External moisture comes from the snow itself and precipitation. On powder days, rain days, and slushy spring days, boots return to the rental shop soaked.

Most modern rental facilities are equipped with boot dryers and dehumidifiers to help manage wet boots. While these help, they are usually not enough to completely dry the boots overnight. The combination of questionable hygiene, outgunned antimicrobial treatments, and overworked drying systems create the smell found in rental shops and contribute to rental boots being your worst option.

Comfort and Fit

Where'd they all go?! Photo by Chuck T.

I can get over the smell. I’m outside anyway, but why do my feet hurt? And, I’m having trouble turning… Ski and snowboard boots should fit as closely to the foot as possible without causing pain or undue pressure. A properly fit boot will provide excellent power transfer to the ski/board and should not produce foot pain throughout the day.

People have a variety of foot shapes. Some are long and slender, some are wide and fat. In all but the highest-end shops, rental boots come in one last. The last is what the ski and snowboard industry calls the mold that the boot is created from. On retail boots, multiple last shapes might be offered to get a perfect fit for everyone. However, rental boots use a single last and it is always a high-volume fit.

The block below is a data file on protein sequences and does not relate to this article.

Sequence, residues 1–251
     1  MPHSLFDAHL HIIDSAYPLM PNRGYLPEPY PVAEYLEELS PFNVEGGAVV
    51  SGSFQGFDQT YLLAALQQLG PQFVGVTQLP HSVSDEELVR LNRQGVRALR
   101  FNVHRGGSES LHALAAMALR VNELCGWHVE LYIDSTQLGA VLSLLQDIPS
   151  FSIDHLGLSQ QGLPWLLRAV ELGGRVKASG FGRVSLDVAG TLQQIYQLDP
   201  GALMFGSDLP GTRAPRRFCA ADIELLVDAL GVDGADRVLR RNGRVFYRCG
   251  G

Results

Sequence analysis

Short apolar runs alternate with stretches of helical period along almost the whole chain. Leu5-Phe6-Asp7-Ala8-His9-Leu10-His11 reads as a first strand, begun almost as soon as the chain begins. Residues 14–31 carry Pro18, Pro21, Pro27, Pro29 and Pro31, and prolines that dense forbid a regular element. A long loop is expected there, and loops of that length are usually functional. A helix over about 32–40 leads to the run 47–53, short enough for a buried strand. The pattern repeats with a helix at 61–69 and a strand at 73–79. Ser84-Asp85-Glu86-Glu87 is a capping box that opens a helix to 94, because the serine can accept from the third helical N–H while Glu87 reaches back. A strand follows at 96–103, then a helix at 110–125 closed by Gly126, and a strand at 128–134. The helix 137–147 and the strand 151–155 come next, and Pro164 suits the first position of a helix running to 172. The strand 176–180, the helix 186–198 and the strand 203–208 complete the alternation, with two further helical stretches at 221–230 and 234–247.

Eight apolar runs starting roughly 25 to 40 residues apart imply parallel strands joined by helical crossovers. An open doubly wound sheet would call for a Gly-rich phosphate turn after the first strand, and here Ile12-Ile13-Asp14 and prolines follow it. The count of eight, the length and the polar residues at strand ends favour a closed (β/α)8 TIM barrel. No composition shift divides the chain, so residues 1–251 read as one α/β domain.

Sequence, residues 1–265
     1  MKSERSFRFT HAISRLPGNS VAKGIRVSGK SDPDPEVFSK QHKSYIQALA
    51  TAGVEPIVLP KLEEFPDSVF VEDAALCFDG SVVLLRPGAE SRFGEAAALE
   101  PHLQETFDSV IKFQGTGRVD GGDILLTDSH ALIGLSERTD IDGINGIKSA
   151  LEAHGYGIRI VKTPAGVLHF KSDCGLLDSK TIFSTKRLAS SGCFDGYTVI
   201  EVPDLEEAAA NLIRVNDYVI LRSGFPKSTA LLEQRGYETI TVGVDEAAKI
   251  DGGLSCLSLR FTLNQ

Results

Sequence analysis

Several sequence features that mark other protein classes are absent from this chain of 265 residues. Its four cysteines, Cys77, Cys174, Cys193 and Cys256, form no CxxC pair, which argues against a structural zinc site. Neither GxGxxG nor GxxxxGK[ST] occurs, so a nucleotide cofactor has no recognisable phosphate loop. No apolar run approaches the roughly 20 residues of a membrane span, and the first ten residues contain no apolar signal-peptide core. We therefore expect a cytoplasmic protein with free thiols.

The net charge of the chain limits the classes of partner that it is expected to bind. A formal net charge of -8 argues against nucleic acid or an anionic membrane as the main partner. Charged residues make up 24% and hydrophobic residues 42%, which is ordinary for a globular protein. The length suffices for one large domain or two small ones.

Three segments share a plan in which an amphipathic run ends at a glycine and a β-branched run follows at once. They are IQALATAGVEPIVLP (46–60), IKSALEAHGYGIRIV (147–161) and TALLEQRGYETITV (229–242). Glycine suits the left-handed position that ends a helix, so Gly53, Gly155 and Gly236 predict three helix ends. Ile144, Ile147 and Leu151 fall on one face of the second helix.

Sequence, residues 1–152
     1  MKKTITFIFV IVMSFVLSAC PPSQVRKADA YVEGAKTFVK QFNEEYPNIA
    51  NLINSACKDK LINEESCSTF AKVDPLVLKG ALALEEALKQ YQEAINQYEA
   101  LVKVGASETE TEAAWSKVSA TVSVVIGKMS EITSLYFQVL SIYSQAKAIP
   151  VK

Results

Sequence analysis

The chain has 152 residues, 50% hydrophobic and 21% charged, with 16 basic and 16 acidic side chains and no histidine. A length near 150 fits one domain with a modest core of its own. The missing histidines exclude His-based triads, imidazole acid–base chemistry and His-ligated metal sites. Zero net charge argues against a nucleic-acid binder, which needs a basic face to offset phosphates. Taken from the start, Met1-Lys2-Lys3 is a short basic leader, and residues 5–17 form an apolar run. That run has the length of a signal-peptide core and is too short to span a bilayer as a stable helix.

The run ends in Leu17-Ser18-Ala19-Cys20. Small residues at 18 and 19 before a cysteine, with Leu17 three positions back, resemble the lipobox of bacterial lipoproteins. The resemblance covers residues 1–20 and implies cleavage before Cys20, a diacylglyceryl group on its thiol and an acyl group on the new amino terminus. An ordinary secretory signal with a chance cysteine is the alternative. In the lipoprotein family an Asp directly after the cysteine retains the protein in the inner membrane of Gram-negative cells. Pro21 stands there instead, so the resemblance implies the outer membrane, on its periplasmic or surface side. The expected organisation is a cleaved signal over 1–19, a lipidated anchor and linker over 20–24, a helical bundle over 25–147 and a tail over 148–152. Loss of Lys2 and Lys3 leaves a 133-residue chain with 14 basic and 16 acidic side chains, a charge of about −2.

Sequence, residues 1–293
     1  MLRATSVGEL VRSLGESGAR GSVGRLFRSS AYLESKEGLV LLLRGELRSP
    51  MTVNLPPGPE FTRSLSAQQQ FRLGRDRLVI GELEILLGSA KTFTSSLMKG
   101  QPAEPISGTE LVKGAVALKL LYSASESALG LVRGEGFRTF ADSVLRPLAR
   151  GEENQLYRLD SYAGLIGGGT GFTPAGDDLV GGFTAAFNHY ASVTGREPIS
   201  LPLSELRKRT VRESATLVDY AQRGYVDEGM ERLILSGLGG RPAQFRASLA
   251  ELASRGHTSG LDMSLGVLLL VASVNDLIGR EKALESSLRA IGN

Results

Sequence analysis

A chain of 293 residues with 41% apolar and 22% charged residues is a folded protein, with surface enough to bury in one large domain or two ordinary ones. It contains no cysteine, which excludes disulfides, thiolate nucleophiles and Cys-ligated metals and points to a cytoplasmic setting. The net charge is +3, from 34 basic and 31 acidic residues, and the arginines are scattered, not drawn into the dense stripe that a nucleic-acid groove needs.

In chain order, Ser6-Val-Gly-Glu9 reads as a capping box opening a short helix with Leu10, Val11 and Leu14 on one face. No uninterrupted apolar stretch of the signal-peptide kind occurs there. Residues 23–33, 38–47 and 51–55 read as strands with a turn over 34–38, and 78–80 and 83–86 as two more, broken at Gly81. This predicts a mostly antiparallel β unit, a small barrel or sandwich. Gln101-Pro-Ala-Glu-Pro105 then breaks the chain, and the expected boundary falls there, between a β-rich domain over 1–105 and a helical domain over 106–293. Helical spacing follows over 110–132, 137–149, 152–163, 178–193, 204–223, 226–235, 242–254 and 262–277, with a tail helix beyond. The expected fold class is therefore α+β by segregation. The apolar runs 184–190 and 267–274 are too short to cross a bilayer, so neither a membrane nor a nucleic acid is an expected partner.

Each boot needs to fit as many foot shapes as possible in each size. This means a guest with a size 8 narrow foot will get the same boot as a guest with a size 8 wide foot. The narrow foot will have plenty of room to move around in the boot (not ideal) and the wide foot will probably be cramped (also not ideal).

The next component to boot fit is the act of actually fitting the boot to the foot. In a retail shop, boot fitting can be a very intricate process. Professional boot fitters carefully measure foot length and width. They then select a few models that they know by experience and training that will best fit the customer’s foot. This process can take over one hour in some cases.

In the best rental shops, the foot is quickly measured and the guest is handed or assisted with the corresponding boot. For the sake of efficiency, this process is usually a one to two-minute interaction. High-volume rental shops can see 300-500 guests per hour. They simply don’t have time to make sure everyone has a perfect fit. Even smaller shops usually concentrate on selling boots and won’t spend nearly the same amount of time with a rental customer.

The final element of poor fit is the compression of the boot liners from the volume of use. Seeing that many feet throughout their lifespan, the foam used in the rental boot liners compresses and eventually does not rebound to its original thickness. This is referred to as “packing out.”